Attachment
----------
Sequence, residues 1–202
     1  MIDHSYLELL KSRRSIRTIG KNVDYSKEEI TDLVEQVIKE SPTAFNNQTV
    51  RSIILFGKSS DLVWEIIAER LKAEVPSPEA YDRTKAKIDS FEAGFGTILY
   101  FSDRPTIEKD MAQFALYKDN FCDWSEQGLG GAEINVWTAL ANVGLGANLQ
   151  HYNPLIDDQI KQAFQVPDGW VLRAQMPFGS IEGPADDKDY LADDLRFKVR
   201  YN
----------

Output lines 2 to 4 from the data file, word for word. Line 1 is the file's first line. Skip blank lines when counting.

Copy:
     1  MIDHSYLELL KSRRSIRTIG KNVDYSKEEI TDLVEQVIKE SPTAFNNQTV
    51  RSIILFGKSS DLVWEIIAER LKAEVPSPEA YDRTKAKIDS FEAGFGTILY
   101  FSDRPTIEKD MAQFALYKDN FCDWSEQGLG GAEINVWTAL ANVGLGANLQ